Catherine Leroy, Famed War Photographer, Dies

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Catherine Leroy, the French-born photojournalist whose stark images of battle helped tell the story of the Vietnam War in the pages of Life magazine and other publications, has died. She was 60.

Leroy died of cancer early Saturday at St. John’s Health Center in Santa Monica, said the attending physician, Dr. Jerome Helman.

Leroy was 21 years old in 1966 when she took a one-way ticket to Saigon to document American troops in Vietnam. A year later she became the only accredited journalist to participate in a combat parachute jump, joining the 173rd Airborne in Operation Junction City.

In 1968, during the Tet Offensive, Leroy was captured by the North Vietnamese Army. She managed to talk her way out and emerged with images of the North Vietnamese Army in action that were used for a Life magazine cover.

“She was tiny and totally fearless,” said Jonathan Randal, a longtime Washington Post correspondent who met Leroy in late 1965 and worked with her for many years. “Like many young war photographers she was probably braver than she was talented in the beginning. But she went on to become a very fine photographer.”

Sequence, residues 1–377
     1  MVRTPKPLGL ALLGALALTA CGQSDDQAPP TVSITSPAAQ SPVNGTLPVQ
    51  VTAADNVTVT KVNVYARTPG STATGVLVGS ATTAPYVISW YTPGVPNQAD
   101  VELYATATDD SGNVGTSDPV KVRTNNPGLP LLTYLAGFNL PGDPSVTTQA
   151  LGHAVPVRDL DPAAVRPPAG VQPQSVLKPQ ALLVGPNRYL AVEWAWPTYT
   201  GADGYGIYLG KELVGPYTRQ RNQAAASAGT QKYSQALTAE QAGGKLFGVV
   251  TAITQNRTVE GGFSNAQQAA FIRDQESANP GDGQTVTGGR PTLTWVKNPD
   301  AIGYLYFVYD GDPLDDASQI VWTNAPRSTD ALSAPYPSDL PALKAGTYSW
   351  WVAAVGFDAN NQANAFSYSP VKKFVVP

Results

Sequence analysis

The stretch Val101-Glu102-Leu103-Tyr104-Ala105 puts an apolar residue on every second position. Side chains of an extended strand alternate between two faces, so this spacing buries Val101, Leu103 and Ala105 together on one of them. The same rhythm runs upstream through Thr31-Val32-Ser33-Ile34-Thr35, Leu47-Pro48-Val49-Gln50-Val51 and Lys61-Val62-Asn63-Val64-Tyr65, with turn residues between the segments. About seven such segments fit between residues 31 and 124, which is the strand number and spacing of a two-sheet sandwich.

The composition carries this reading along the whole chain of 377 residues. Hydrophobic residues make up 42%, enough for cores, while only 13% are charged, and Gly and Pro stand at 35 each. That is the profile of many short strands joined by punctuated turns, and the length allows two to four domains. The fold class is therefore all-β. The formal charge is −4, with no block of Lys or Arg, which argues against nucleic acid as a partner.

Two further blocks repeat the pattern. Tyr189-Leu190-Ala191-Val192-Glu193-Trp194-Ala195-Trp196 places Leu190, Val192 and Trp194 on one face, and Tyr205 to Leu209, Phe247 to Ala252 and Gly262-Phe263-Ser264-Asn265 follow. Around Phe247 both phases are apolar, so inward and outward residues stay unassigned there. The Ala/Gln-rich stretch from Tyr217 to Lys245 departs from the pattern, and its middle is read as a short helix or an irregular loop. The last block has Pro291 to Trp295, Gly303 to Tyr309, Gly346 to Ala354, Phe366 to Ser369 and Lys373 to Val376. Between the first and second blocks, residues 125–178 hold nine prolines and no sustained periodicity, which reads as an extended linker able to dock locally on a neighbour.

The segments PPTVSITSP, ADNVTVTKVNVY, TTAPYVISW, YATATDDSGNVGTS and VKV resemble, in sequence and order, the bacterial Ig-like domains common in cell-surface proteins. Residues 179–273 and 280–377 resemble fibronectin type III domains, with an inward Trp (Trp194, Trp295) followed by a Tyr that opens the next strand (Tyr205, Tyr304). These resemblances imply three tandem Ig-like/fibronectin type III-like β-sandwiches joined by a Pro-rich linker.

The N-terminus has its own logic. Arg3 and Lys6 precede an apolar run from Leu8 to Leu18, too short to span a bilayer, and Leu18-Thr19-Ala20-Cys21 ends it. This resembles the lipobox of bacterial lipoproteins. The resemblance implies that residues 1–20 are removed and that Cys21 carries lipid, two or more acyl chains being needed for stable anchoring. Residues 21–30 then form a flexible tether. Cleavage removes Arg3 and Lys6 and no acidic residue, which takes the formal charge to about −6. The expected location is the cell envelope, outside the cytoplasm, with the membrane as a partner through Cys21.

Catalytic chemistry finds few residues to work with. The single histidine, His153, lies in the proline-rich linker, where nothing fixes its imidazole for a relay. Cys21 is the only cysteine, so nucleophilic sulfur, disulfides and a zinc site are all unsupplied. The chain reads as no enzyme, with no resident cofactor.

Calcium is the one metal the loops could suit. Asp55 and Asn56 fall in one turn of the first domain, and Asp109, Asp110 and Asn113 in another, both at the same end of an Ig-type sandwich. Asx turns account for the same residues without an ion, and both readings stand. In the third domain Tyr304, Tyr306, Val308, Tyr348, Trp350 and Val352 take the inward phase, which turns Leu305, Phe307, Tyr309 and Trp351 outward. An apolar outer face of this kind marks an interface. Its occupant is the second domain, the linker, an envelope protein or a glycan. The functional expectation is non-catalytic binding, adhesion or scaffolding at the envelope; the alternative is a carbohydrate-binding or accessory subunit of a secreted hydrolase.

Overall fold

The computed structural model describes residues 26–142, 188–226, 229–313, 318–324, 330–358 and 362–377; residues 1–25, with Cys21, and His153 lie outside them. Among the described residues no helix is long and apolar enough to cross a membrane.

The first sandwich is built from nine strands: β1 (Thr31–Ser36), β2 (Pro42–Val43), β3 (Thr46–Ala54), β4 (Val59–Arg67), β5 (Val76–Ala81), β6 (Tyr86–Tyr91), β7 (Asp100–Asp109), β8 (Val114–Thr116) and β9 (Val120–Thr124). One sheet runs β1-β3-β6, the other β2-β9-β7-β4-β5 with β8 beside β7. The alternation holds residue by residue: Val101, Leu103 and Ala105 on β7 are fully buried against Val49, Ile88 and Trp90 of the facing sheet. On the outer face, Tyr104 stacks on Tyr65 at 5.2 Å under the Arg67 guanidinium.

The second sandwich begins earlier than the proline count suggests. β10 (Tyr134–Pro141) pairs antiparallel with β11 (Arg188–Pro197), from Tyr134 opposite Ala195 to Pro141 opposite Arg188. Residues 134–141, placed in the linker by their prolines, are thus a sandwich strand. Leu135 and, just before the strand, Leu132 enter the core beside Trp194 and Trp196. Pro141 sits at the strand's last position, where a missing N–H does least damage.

A famous 1967 photo, “Corpsman In Anguish,” portrays a young Marine, his face wrenched in torment, hunched over the dead body of his friend, while smoke from the battle rises into the air behind them.

Leroy worked for the Gamma and Sipa photo agencies and later sold her work to The Associated Press and United Press International. Her photos appeared in publications worldwide.

In 1972, Leroy shot and directed “Operation Last Patrol,” a film about Ron Kovic and the anti-war Vietnam veterans.

After Vietnam, she covered conflicts in several countries including Somalia, Afghanistan, Iraq, Iran and Libya.

Leroy co-authored the book “God Cried” with Tony Clifton, about the siege of West Beirut by the Israeli army in 1982.

Randal also remembers being struck by Leroy’s foul mouth.

“She spoke the most disgusting English. I asked her where she learned it from and she said ‘the Marines’.”

She is survived by her 91-year-old mother, who lives in France, Helman said. The French Embassy is making arrangements to return Leroy’s body to France.


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